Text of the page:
"Actually there has always been a good market for translations," he observed. He mentioned Padma Harsha Kuranage and Cyril C. Perera as examples of accomplished translators, pointing out that the Rubaiyat was translated as far back as 1953/54. In fact, Sinhala and Tamil readers were treated to the best of Russian and other Soviet literatures due to the excellent and affordable books that were produced by Progress Publishers and distributed by the Communist Party’s outlet in Slave Island, People’s Publishing House. Dedigama Rodrigo used to be a household name among university students and it is through him that a lot of young people discovered Dostoyevsky, Gorky, Ostrovsky, Sholokov and other literary giants.

Pasan seemed to be more interested in talking about the translator’s craft than himself or his work. I asked him what factors contribute to a good translation.

He said that one of the major problems is that translators are often forced to depend on already translated texts. "For example, if you want to translate a novel written in Spanish, you will have to work on the English translation, with the inevitable double loss."

"In such cases, the would-be translator has to be equipped with a certain sensitivity that allows him to assess the quality of the first translation. Even when translating from the original text, sometimes the success depends on the extent to which the translator experiences it. Actually we tend to translate that which disturbs us, so to speak. The richer the reading experience, the greater the desire to translate. When I read Master and Margarita, I really wanted to translate it.

Translation is needless to say, a difficult and in many ways a tormenting exercise. It requires a fine sensibility, unencumbered by the handicaps of the ‘whom-to-tell-what’ kind, to achieve an approximation to the nuances in the original text. There are other issues of course.

"The translator is challenged at every turn by numerous questions, and he has to sift through many answers before making his choice. He has to remember that he is basically a prisoner of the text. He cannot experiment and therefore there is often a conflict between his nature and sensibilities and those of the author. Whenever someone attempts a translation that is primarily based on his sense of the aesthetic, it ends in failure. It might read well and may even sell well. Whether it is a translation is another matter altogether."

Pasan pointed out that the Soviet Union’s translation programme was particularly successful because poets and writers were employed, a case in point being Boris Pasternak. Having been "gagged" he turned his creative energies to the art of translation, and his translations of Shakespeare’s Hamlet and Goethe’s Faust are widely considered to be exceptionally good.

Another problem lies in the field of cultural symbols, according to Pasan. "Where the translator has been denied access to the cultural symbols embedded in the text, the translation necessarily suffers," he said. I asked him if globalisation and the advent of the internet would help alleviate this problem.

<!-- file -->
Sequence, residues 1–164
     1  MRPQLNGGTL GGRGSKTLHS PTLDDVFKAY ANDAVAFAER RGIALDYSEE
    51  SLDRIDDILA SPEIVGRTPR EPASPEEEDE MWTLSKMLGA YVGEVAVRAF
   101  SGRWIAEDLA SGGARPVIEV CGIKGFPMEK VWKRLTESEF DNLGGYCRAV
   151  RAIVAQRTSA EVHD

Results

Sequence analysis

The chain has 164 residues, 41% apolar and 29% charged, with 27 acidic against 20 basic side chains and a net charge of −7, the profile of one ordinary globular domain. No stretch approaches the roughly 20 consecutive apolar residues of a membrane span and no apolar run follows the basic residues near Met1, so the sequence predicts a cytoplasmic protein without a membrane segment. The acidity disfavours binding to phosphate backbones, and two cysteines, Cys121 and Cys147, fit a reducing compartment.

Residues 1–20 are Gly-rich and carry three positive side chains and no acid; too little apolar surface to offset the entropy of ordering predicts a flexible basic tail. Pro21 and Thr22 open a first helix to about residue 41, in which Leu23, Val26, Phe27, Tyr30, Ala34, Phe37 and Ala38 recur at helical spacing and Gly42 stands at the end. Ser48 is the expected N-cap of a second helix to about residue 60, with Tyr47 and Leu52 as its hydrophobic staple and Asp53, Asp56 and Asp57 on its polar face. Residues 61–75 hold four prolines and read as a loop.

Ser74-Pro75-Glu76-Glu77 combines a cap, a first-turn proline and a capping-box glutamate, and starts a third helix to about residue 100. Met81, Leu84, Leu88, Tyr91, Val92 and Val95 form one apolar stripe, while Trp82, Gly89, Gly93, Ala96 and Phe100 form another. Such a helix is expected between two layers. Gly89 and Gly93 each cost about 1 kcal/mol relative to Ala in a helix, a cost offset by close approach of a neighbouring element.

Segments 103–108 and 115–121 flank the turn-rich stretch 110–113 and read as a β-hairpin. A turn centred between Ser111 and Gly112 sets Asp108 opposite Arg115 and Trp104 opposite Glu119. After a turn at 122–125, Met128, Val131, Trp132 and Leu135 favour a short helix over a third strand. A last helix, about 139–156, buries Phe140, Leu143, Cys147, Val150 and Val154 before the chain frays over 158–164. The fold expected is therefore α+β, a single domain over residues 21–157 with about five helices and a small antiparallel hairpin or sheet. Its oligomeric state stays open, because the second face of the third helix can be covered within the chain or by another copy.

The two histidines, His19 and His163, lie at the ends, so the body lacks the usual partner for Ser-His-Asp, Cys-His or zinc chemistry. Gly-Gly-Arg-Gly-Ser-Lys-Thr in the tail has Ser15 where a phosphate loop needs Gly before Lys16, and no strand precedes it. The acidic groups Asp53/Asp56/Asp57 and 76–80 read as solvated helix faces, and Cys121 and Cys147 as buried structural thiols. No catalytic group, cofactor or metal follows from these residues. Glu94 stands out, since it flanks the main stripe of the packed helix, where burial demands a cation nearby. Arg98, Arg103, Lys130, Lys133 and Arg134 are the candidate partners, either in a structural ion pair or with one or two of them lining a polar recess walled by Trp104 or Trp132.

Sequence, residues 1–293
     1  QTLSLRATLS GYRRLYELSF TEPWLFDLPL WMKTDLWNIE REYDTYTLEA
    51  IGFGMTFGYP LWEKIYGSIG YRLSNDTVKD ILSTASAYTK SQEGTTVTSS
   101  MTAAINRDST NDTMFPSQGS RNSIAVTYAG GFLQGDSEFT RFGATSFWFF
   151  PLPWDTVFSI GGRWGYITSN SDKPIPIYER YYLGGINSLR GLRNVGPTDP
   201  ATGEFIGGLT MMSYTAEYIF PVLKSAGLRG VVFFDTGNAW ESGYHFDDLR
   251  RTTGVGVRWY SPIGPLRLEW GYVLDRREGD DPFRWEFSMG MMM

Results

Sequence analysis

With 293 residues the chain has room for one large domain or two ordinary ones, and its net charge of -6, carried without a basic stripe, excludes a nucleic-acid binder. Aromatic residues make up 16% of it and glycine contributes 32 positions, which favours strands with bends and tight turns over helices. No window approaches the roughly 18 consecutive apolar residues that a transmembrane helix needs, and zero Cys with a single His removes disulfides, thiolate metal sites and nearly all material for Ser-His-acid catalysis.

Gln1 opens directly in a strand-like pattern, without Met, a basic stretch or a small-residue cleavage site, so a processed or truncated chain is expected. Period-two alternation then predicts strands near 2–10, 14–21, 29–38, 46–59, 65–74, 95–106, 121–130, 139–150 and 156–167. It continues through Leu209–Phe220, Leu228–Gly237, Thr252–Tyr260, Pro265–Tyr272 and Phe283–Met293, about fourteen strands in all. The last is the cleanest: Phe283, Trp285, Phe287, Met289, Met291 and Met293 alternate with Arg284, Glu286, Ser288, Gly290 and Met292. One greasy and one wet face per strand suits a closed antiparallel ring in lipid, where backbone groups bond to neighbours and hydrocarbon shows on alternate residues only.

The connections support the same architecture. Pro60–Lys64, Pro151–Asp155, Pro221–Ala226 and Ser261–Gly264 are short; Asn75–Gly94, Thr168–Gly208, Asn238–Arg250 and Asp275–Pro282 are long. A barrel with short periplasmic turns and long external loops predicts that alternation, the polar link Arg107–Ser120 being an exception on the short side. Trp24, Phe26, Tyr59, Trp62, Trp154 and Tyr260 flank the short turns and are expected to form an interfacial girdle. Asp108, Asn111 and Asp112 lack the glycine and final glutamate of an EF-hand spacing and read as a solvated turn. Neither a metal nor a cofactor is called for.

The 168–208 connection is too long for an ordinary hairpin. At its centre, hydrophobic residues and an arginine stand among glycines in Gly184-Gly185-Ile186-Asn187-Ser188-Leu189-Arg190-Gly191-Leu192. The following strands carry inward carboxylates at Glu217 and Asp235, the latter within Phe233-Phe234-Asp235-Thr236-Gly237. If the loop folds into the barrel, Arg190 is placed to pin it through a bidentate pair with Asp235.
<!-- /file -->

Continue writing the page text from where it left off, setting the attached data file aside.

"Not necessarily. Very often globalisation sends us specifically ideology-bound slices of other cultures. In many instances, good writers rebel against the cultural ethos of the powerful and if this is what we have to depend on for gleaning cultural significance of a given set of symbols, we would be doing the text great injustice.

"Unfortunately, there are instances where even if the translation is good, society deems it a failure. Sometimes, it boils down to an issue of timing. Just as society was not ready for Whitman’s Leaves of Grass when it was first published, sometimes good translations are appreciated much later."
Pasan confessed that an element of weariness has set in into his translating drive. "There is always the danger of getting trapped in a groove, in other words, getting mechanical about it. Naturally creativity can suffer. Then there are other factors that intrude. Typically a published manuscript will go for 1000-2000 copies of the book. We end up steeped in debt.

"This is partly due to the high cost of paper. For instance in India there is no tax on paper, so printing costs are low. Radical changes in national policy have to happen for writers to thrive. Therefore it is possible to argue that there is a serious problem in this particular market. As a result the future of translations is bleak. Translators, in order to deal with this situation tend to go for short stories and children’s stories. The readership suffers."

Pasan nevertheless showed much admiration for those who consider translating as their life’s work. "Cyril C. Perera is clearly an exceptional translator. I have the greatest respect for him for he has persisted, against all odds, to produce some wonderful translations. In fact he was a regular visitor to our home and I learned much from him. You should have interviewed him and not me, because he has been in this field for many years and probably has the best understanding of all the issues that a translator has to deal with. I have many other interests and therefore I will never achieve that kind of greatness. It requires 100% dedication."

Faiz Ahmed Faiz, the great Pakistani poet once said "translating poetry, even when confined to a cognate language with some formal and idiomatic affinities with the original compositions, is an exacting task, but this task is obviously far more formidable when the languages involved are as far removed from each other in cultural background, rhythmic and formal patterns, and the vocabulary of symbol allusion as Urdu and English."

Translating novels might be easier, but bridging the cultural gaps remains a challenge. Pasan Kodikara has had much exposure to the Russian language and culture and as such does have a comparative advantage in the matter. He said that he has been influenced by books, by the people he has met, his teachers and the ideologies and philosophies he has encountered. All this has gelled into a sensitive artist who is able to discern and distinguish between the subtle nuances of language and life processes. Whether he continues to translate or produce more original work, it is clear that he has already contributed much. In time, hopefully, he will do more.